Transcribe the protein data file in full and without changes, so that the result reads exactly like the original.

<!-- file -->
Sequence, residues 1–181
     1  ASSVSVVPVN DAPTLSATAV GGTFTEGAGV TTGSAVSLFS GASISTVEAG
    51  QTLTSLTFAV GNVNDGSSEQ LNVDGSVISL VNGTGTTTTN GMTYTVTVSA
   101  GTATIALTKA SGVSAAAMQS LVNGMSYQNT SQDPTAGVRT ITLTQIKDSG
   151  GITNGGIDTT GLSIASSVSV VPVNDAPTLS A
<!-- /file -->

Sequence, residues 1–181
     1  ASSVSVVPVN DAPTLSATAV GGTFTEGAGV TTGSAVSLFS GASISTVEAG
    51  QTLTSLTFAV GNVNDGSSEQ LNVDGSVISL VNGTGTTTTN GMTYTVTVSA
   101  GTATIALTKA SGVSAAAMQS LVNGMSYQNT SQDPTAGVRT ITLTQIKDSG
   151  GITNGGIDTT GLSIASSVSV VPVNDAPTLS A